Louis Prima Jr. followed his father, New Orleans’ king of swing, into show business. Prima Sr.’s best-loved recordings include “Just a Gigolo/I Ain’t Got Nobody,” “Jump, Jive an’ Wail” and, from Disney’s The Jungle Book, “I Wanna Be Like You.”
Like his dad, Prima sings and plays trumpet. Based in Las Vegas, he tours frequently with his eight-member band, the Witnesses. The group released its album debut, Return of the Wildest!, in July.
A musician since childhood, Prima grew up in Las Vegas, New Orleans and Covington. He’s moved in and out of music through the years.
In 2010, Prima left a great job as a food and beverage manager at McCarran International Airport in Las Vegas to devote himself to Louis Prima Jr. and the Witnesses, the musical venture he founded began in 2004.
Building a renewed music career and assembling a great band, the 47-year-old singer, songwriter and multi-instrumentalist said this week, has taken time.
“When I first started doing this, it was hired guns behind me,” he said.
Bassist Michael Gerbino, an old friend from Prima’s rock ’n’ roll days in a band called Problem Child, helped him assemble the Witnesses.
“I said, ‘You can play this, you know the music,’ ” Prima recalled. “ ‘Help me find people who are serious about their craft.’ Because I had to find the right mixture of people. If I was going to do this, I wanted to do it correctly. And once I found the right guys, it was practice together, get used to each other, and then we put the CD out.”
Recorded in Las Vegas, Return of the Wildest! features some gems from the Louis Prima Sr. catalog.
“I put ‘Gigolo’ and ‘Jump, Jive, an’ Wail’ on there because those are probably what he’s best known for,” Prima said. “And people want me to put that out on our first album. The rest of it is songs that I arranged to show off the talent in the band. I think we did a good job of getting the live show onto a CD.”
Despite Prima and the Witnesses’ inclusion of Prima Sr. classics in their act and on the CD, he doesn’t see the band as a nostalgia act.
“My father changed his music to stay current with the times,” he said. “That’s what we do on stage and on this record, play the music like it’s 2012.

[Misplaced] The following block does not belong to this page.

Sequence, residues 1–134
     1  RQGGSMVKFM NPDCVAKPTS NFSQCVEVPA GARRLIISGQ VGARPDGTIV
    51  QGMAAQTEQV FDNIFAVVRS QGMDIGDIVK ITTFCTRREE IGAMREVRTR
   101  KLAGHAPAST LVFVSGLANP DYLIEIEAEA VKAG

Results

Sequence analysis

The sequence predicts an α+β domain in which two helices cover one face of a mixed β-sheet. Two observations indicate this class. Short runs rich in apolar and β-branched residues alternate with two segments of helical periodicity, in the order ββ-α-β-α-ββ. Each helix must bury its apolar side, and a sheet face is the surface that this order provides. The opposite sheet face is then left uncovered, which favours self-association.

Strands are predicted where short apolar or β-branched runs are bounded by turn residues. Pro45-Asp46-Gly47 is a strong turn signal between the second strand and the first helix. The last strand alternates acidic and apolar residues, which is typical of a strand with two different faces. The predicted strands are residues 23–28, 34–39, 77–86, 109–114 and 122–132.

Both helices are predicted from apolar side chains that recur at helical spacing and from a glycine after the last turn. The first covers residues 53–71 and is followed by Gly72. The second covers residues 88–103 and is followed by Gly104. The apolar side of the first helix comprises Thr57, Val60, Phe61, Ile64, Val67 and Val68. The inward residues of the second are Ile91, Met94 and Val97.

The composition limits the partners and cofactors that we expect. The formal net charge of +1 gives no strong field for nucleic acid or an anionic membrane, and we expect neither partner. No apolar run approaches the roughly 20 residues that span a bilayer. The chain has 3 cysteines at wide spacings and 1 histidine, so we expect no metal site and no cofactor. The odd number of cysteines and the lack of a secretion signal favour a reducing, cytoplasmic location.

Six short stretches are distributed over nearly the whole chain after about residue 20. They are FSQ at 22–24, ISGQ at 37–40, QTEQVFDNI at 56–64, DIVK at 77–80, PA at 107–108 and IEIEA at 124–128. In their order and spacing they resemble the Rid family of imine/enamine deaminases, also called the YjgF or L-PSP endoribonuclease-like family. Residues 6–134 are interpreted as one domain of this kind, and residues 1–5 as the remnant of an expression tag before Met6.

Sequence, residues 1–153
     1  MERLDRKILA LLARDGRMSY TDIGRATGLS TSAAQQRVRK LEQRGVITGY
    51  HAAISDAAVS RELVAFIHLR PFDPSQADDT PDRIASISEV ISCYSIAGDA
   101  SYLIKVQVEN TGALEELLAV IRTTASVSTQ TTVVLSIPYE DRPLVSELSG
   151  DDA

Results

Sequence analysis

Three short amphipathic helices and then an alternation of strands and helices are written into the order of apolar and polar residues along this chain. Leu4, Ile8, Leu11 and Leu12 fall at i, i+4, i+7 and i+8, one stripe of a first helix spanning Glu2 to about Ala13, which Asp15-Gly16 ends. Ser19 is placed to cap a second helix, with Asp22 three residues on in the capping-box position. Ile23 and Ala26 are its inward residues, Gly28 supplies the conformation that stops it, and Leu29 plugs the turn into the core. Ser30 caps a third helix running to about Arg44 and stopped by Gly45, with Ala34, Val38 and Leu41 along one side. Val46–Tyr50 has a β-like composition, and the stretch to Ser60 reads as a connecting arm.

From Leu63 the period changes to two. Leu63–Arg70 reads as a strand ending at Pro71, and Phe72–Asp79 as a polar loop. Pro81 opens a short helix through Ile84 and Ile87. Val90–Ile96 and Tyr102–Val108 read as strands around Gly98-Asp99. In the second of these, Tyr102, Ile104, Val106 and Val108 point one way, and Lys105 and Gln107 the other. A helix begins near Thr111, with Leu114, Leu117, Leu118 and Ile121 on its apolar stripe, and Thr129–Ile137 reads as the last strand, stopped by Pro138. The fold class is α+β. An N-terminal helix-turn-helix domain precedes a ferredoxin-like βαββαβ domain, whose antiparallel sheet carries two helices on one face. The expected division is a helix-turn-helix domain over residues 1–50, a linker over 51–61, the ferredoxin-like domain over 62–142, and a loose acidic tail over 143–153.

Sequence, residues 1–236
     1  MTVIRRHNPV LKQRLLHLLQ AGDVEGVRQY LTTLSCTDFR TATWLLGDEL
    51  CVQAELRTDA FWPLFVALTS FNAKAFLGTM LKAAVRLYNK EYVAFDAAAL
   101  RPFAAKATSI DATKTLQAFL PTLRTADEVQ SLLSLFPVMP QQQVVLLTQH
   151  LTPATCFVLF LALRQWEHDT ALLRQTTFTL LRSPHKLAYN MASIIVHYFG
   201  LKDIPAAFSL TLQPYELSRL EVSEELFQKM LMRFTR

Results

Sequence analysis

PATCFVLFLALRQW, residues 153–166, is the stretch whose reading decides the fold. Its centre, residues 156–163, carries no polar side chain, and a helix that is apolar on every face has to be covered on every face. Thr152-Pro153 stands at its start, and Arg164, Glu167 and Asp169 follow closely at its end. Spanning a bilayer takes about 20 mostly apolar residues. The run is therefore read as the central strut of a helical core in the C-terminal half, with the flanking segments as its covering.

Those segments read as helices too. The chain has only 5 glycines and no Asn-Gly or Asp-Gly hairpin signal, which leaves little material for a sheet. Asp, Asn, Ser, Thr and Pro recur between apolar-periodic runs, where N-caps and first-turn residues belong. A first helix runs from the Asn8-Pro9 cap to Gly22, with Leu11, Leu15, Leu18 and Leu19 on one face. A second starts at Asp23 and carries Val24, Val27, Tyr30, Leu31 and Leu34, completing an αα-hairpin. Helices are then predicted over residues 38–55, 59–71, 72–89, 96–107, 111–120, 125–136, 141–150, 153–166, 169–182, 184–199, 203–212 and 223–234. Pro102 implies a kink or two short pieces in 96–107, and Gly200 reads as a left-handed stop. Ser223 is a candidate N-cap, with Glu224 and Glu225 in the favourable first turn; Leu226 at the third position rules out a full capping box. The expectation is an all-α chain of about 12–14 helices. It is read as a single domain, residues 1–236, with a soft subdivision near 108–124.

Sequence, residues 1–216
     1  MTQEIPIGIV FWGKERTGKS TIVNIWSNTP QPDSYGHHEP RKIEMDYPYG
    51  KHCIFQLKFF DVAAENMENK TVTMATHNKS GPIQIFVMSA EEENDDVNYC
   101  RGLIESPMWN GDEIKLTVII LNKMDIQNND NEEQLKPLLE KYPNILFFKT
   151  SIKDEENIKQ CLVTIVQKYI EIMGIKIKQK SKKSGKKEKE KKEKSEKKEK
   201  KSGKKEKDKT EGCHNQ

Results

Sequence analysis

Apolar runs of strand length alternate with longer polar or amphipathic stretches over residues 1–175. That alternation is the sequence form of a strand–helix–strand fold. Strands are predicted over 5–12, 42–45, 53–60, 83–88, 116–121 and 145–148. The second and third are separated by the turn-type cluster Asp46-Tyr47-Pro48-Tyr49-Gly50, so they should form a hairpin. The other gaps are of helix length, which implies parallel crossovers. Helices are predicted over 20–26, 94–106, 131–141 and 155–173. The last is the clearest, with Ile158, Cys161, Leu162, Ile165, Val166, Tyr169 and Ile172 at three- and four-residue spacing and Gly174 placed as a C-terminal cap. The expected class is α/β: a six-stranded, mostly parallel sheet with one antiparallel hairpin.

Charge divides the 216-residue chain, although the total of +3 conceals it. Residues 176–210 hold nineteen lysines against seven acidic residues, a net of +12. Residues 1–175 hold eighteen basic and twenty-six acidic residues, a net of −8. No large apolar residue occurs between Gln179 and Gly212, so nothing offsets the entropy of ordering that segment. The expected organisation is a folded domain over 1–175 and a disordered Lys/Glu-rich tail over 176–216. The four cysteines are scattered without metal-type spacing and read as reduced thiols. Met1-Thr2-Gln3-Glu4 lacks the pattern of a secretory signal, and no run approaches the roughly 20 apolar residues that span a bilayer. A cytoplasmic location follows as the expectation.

“We’ve been called a million musical styles, but when I step back, the eight people that surround me on stage really put, if it’s possible, more than 100 percent into every performance. A lot of people are shocked at first, because they expect a retro feel to it, but we play it like we own it.”
Prima and the Witnesses are regulars at the annual Gretna Heritage Festival. The group is performing there Friday, Oct. 5, and Saturday, Oct. 6.
The Gretna appearances are part of a Southern swing that includes shows in Biloxi, Miss., and Destin, Fla.
Prima Sr. received a posthumous star on the Hollywood Walk of Fame in 2010. Also in that 100th anniversary year of his father’s birth, Prima Jr. played the New Orleans Jazz and Heritage Festival. The festival’s 2010 poster features a portrait of Prima Sr. painted by singer-artist Tony Bennett.
“We love playing down there,” Prima said. “New Orleans and Louisiana, in general, just appreciate music.”
The group’s Sunday show in Destin, Prima added, will be the first time that his Florida-resident mother, Gia Maione Prima, will see him on stage with the Witnesses.
“She’s looking forward to meeting everybody in the band,” he said. “I can’t wait to perform for her.”
The earliest shows that Prima and the Witnesses played included a post-Hurricane Katrina appearance at New Orleans’ Hotel Monteleone in March 2006. His vocalist sister, Lena, performs regularly at the hotel’s Carousel Bar. She has moved back to New Orleans but he’s still in Las Vegas.
“Vegas is home,” Prima said. “But New Orleans has always been the extended home. I love the people, the food, the atmosphere down there. Lena has always felt the same way. That’s probably why she’s back.”